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July 02, 2005
How to appeal to non-bloggers? Think virus wikis
I haven't been blogging. I've spent the best part of a week in Oregon, wandering from the misty coast to the high desert to the vineyards along the Columbia Gorge, and I have yet to meet anyone connected with the blog world in any way (at least as far as they told me.) To be fair, there were probably some bloggers or at least blog readers at those cafes in Portland and Bend. I didn't go around tapping on their tatooed shoulders.
My point is that blogging seems enormous and nearly omnipresent when you're doing it, but can seem marginal when you step away. Will blogging inevitably spread to rest of the world? I don't think so. Lots of people look at the computer as an information tool--a search engine and e-mail machine--but prefer to have most of their human interactions elsewhere. I've tried to interest my wife, for example, in our local Montclair, NJ, blog, baristanet. She'll use it for movie schedules but has no interest in reading or writing comments (and has trouble understanding why anyone would).
I think it will take new types of blogs to broaden the appeal. They'll function as tools, and will feed less from comments to other types of input. One example is this new virus wiki (from Ross Mayfield). Here users create the value by contributing data. It's promises clear value, even for the comment averse.
An apology to bloggers in Portland. I suggested beers or coffees in Portland, then promptly got caught up in family stuff. I'll respond to your e-mails in the next couple of days--from the east coast.
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? A Serious Application of New Web Tools from Marshall's Web Tool Blog
Another example of blogs and wikis being put to very serious use will soon be available in the Avian Influenza (Flu) Wiki written about by the progressive public health blog Effect Measure. Here a network of public health officials, observers and oth... [Read More]
Tracked on July 2, 2005 02:40 PM
? The Marginality of Blogging from The Importance of...
Stephen Baker wonders about how important blogs are (How to Appeal to Non-Bloggers? Think Virus Wikis).I haven't been blogging. I've spent the best part of a week in Oregon, wandering from the misty coast to the high desert to the... [Read More]
Tracked on July 4, 2005 05:11 PM
"Will blogging inevitably spread to rest of the world? I don't think so."
You ask the Big Question. I believe over the next two to three years we are going to see an explosion in the use of blogs outside the hi-tech sector and at a more grassroots level. Small businesses and not-for-profit organizations will soon realise that having an interactive blog is much more valuable than a static website that sits out in cyberspace...dying of lonliness. My prediction: the tipping point will come in 2006!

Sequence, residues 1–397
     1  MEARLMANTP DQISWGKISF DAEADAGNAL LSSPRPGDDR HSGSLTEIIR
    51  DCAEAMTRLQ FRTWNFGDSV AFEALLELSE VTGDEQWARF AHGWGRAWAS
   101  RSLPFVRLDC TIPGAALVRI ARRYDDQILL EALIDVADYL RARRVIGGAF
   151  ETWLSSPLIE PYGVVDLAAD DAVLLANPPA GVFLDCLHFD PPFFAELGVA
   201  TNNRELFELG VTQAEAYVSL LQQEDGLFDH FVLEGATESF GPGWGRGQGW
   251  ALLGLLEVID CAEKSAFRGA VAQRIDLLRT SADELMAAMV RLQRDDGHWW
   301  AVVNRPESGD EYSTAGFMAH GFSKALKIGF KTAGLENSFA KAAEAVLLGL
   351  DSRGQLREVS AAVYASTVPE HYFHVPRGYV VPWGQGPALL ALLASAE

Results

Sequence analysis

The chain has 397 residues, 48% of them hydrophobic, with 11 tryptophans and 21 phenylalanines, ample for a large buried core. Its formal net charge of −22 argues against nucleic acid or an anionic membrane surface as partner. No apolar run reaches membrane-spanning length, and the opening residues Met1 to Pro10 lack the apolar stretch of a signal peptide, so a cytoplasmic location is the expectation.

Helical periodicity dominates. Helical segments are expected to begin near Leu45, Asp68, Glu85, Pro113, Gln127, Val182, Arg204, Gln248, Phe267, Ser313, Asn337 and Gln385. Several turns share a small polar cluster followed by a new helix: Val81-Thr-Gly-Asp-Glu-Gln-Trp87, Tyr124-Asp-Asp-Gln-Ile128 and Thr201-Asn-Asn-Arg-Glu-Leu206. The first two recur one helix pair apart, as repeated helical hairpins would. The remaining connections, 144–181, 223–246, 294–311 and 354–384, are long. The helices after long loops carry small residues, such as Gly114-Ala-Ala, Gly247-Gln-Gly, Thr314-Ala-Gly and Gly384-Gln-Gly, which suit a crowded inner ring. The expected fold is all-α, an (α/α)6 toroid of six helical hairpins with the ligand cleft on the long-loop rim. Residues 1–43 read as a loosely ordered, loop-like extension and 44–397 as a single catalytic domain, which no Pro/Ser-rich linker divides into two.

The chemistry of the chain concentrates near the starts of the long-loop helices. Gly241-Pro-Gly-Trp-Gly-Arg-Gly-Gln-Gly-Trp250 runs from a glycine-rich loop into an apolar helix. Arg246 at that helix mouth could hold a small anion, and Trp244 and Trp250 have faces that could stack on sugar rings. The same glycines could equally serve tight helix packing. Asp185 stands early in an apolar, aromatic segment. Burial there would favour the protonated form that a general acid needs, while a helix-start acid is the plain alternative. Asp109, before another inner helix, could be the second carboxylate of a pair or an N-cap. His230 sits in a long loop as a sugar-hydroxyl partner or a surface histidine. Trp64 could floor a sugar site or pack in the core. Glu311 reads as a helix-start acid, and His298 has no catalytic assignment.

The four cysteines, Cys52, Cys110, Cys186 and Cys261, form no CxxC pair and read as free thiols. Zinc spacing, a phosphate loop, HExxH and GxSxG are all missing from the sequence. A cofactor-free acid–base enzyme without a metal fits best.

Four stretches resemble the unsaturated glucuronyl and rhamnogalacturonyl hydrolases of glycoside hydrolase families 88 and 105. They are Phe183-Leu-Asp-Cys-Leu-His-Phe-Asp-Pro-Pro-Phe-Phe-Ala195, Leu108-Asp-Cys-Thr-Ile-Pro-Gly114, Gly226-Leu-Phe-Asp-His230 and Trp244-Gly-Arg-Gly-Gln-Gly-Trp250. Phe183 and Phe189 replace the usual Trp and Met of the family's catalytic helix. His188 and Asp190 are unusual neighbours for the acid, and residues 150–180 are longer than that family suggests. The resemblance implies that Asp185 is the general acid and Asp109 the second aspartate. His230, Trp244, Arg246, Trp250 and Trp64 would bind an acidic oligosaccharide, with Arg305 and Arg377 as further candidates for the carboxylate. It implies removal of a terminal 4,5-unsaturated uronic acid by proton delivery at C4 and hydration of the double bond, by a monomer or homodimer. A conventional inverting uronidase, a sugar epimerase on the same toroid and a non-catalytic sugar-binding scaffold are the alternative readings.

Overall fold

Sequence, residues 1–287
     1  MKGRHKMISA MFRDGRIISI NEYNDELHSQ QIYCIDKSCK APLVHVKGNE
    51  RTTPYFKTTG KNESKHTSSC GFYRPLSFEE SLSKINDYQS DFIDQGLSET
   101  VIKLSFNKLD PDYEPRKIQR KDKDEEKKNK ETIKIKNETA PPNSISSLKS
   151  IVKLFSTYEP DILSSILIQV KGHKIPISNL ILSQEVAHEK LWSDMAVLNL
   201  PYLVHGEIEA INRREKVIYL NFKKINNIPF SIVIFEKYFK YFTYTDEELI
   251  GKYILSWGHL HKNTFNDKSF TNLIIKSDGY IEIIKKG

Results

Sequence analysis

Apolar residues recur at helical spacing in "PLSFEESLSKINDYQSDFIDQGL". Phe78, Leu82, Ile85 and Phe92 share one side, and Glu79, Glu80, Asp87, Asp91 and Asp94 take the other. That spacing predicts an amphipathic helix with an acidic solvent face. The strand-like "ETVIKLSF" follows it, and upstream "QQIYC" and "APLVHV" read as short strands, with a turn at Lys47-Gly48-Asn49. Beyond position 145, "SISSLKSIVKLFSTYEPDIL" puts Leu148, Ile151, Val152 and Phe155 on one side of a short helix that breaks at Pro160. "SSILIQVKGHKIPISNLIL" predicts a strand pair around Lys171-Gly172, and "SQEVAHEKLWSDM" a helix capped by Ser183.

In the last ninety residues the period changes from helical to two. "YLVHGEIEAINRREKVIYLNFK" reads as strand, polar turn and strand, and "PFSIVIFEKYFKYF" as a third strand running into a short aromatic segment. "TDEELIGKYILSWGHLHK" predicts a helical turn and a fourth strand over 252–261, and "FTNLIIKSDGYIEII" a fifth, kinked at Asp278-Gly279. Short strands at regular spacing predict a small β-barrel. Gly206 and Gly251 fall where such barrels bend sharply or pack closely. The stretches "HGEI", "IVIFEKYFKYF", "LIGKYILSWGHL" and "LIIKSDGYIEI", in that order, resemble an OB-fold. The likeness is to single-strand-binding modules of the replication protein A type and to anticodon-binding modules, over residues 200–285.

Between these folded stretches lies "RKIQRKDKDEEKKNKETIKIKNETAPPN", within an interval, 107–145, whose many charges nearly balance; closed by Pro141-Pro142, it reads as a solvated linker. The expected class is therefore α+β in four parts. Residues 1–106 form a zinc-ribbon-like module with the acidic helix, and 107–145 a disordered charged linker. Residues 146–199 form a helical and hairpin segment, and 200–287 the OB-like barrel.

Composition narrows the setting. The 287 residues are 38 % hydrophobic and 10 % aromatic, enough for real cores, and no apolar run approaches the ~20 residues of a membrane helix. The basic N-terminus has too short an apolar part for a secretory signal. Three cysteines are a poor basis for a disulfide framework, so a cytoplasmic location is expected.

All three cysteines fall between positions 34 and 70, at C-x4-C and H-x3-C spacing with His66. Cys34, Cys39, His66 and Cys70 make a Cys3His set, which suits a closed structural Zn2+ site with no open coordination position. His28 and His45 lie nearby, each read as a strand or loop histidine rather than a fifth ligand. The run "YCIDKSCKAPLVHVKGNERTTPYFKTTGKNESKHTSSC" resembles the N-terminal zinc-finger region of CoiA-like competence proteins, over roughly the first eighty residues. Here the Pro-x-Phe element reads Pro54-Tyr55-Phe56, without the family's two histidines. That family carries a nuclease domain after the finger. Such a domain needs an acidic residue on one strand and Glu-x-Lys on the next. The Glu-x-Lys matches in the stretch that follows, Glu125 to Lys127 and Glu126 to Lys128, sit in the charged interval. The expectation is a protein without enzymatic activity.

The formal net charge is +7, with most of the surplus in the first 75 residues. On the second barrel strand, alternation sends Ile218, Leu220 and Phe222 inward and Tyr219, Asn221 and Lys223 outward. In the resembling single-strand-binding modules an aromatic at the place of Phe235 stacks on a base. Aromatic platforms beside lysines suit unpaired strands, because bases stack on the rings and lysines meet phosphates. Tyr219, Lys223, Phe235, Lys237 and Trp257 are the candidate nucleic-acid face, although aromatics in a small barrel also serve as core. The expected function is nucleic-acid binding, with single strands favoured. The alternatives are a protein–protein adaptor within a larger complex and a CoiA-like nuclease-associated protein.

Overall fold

Posted by: Edward Deevy at July 2, 2005 12:31 PM
Portland & Bend...
The CTO of pMachine (Expression Engine) who I mentioned as a source of help when you were having problems with MoBlogging is in Portland. And Rick, the founder/creator is in Bend.
I think you missed a wonderful educational opportunity :-)
Posted by: PXLated at July 2, 2005 06:02 PM
Your wife aside, we're getting about 2000 visits a day -- and for many people, we're the only blog they ever read.
Thanks for the plug, though.
Posted by: Debbie Galant at July 3, 2005 09:58 AM
Debbie, congratulations on the baristanet site. I sent my wife there precisely because it has the broad appeal. My point in the post was that while she accepts it as a site, she doesn't embrace the blog features (ie. the interactivity).
Posted by: steve baker at July 4, 2005 07:17 AM
Yes, most blog posts are comments about other blog posts that are comments on something already produced on old fashioned web sites, TV, or newspapers. There is no much hard data on blogs. But this is to be expected from a publishing format that thrives on fast "real time" typing done by people with other day-time jobs.
And yet... and yet... people can be surprisingly prolific in writing and reacting when faced with serious issues - like personal physical or financial survival, choosing between Kerry and Bush, or more recently - the incredible wave of Internet activity for the tsunami disaster.
So, here is a point I want to emphasize - the issues. And then again - as Stephen points out - the large amounts of useful information.
See fuller version of this comment on my blog where I discuss a new Web 2.0 platform called AidPage (important issue + publishing of large amounts of data).
Posted by: Emil Sotirov at July 8, 2005 02:57 PM
Reading blogs is one thing, but actually posting or commenting is another level entirely. Even among those who comprehend the technologies, there are plenty who subscribe to the old adage "Better to remain silent and be thought a fool than to speak out and remove all doubt."
Posted by: Fiver Stone at July 13, 2005 01:10 AM
Public health experts agree this definition is incomplete. WBR LeoP
Posted by: Arnold at January 21, 2007 04:18 PM